In brief: The NSW Supreme Court of Appeal recently delivered its judgment in the decision of Bondi Beach Foods Pty Ltd v Chadwick  NSWCA finding that the primary judge had not erred in correctly characterising the duty owed by both Bondi Beach Foods and Crossguard and determined that the apportionment of 50/50 made by the primary judge was correct.
On 22 December 2017, Mr Martin and around five of his friends were drinking at a "VIP" table in the outdoor area of the Bucket List (Premises), owned and operated by Bondi Beach Food Pty Ltd (Bondi Beach Food). Crossguard Group Pty Ltd (Crossguard) were engaged by Bondi Beach Food to provide security services.
CCTV footage confirmed Mr Martin and his friends arrived at the Premises at 5:03 pm. Evidence adduced at trial confirmed that Mr Martin and his group had been drinking alcohol earlier that afternoon prior to their arrival.
Clinton Chadwick (Plaintiff), and his two friends arrived at the Premises at approximately 6:00pm. They walked past Mr Martin's table at approximately 6:01 pm. As they passed Mr Martin’s table, there was an interaction between the two groups.
The Plaintiff's group then purchased three beers at the bar and tried to find a seat. They returned to Mr Martin's table at approximately 6:06 pm. There was another verbal interaction between the Plaintiff and Mr Martin. CCTV footage shoes Mr Martin gesturing to the Plaintiff that they should go outside to fight.
At approximately 6:07 pm, two Crossguard marshals observed the interaction between the two groups. The Plaintiff then pushed Mr Martin which started the physical altercation that eventually led to the claim. The Plaintiff then seemingly attempted to punch Mr Martin in the face but was instead struck by Mr Martin with a bar stool. Mr Martin then proceeded to strike the Plaintiff a further three to four times before fleeing from the Premises (Incident).
As a result of the Incident, the Plaintiff sustained various physical and psychological injuries said to be caused by the negligence of both Bondi Beach Food and Crossguard. Specifically, the Plaintiff claimed that both had breached their respective duty of care towards him by:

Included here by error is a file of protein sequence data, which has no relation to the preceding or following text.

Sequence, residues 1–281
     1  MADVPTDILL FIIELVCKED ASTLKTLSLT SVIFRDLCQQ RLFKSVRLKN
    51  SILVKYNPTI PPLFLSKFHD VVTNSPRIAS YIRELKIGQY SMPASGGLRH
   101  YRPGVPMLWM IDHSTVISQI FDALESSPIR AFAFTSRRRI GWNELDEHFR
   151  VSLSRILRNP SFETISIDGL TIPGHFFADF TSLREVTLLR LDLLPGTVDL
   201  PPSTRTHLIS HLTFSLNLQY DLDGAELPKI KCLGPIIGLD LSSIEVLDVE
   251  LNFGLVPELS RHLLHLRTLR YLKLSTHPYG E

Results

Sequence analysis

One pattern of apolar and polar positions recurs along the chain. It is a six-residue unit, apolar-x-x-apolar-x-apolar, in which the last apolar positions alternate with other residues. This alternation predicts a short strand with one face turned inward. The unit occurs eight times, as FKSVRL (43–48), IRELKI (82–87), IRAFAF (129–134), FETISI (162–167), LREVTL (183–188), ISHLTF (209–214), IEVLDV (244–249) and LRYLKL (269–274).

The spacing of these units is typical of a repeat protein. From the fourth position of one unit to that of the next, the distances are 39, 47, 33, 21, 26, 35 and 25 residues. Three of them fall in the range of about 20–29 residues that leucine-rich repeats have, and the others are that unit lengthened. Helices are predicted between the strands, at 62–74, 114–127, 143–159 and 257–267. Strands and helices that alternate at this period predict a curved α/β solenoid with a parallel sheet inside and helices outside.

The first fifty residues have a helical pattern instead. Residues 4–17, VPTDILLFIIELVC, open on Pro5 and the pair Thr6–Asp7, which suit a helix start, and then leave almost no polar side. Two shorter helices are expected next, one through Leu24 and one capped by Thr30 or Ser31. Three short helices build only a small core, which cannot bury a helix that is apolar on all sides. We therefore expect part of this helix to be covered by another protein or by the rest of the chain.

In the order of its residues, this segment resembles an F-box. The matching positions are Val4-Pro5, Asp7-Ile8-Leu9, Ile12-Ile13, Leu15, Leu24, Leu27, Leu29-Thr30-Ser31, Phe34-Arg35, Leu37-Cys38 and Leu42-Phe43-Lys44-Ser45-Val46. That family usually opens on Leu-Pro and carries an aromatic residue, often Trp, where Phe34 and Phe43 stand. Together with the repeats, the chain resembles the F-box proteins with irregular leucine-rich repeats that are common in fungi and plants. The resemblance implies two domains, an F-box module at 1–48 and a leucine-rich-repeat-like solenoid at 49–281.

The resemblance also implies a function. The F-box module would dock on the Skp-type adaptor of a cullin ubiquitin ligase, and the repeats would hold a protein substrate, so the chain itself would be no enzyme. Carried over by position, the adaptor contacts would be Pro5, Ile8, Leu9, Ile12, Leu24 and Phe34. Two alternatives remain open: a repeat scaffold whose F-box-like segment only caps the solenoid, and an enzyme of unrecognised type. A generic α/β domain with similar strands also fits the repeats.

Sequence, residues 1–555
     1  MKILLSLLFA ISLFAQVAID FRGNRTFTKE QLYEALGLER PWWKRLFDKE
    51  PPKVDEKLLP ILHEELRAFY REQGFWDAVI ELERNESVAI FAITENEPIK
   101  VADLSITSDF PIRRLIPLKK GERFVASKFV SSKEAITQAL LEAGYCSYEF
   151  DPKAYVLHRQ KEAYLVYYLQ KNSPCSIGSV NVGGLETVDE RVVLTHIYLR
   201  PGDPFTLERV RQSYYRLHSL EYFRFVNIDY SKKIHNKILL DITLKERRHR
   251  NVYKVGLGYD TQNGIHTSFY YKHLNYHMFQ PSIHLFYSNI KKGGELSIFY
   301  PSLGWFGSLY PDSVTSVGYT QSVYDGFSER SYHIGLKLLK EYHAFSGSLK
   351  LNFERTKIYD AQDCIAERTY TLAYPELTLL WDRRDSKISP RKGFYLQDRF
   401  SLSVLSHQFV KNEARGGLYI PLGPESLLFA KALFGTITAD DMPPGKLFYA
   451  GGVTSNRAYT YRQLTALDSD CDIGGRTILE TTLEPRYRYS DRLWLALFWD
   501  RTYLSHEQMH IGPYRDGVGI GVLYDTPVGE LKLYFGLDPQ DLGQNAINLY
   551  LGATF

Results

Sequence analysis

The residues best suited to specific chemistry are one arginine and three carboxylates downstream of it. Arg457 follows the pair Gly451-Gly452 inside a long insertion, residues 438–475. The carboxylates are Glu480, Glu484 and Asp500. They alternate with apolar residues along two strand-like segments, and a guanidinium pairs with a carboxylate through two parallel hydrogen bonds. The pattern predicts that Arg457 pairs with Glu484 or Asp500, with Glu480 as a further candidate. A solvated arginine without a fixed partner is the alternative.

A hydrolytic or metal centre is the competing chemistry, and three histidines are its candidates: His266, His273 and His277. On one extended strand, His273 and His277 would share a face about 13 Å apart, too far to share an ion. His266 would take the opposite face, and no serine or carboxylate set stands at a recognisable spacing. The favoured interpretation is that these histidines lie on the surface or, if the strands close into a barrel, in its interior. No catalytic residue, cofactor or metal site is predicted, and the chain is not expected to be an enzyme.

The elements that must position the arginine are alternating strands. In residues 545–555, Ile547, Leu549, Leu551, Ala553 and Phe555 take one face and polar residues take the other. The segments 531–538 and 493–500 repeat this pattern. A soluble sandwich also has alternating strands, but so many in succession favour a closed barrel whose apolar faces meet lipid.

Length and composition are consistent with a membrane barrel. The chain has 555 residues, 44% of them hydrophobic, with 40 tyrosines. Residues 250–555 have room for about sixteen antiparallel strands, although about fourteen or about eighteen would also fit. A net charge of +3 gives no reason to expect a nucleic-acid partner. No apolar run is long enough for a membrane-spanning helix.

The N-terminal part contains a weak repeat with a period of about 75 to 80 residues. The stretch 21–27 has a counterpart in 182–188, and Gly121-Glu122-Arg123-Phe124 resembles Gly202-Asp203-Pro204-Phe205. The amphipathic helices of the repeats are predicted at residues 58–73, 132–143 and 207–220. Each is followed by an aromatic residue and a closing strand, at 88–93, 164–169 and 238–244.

Failing to take precautions to ensure that Mr Martin and his friends were controlled or evicted from the Premises before the assault took place and/or allowed to enter into the Premises; and
Failing to intervene in the altercation between the Plaintiff and Mr Martin to prevent violence.
At first instance, the primary judge, Elkaim AJ found that:
A licensee of a venue serving alcohol, and security guards employed to monitor such venue would, acting reasonably, take precautions to prevent foreseeable harm. The engagement of Crossguard by Bondi Beach Food was an acknowledgement of the risk and the need to take precautions.
There was evidence of 'disruptive or aggressive conduct' by Mr Martin prior to the Incident and there was no doubt that both Bondi Beach Food and Crossguard were aware, and failed to, manage the escalating situation appropriately. His Honour referred to the leading decision of Wagstaff v Haslam  NSWCA 28 in which it was found that the degree of intoxication does not of itself give rise to a duty to take immediate steps to remove a person affected by alcohol from premises to protect other patrons, but rather that an element of either actual or constructive knowledge of something more (quarrelsome behaviour, for example) is required to trigger that duty.
Crossguard, knowing the nature of the Premises and that it was a busy period, supplied an inadequate number of security personnel in the circumstances.
The primary judge entered judgment in favour of the Plaintiff and awarded damages in the sum of $200,706.40 allowing a 20% reduction on damages for contributory negligence on account of the Plaintiff's own actions. His Honour further concluded that both Bondi Beach Food and Crossguard had breached their duties equally and was satisfied that the Plaintiff's injuries were caused by their respective breaches.
Bondi Beach Foods appealed the primary judge’s findings on breach of duty of care, causation, damages and contributory negligence. Crossguard cross-appealed on the same grounds and sought a lower assessment of contribution. The Plaintiff cross-appealed on damages. The issues on appeal were that the primary judge erred in:
His findings of fact concerning the conduct of Mr Martin and his group including the inadequacy of the number and capacity of the security personnel present at the Premises and the way in which the Premises were monitored for signs of intoxication;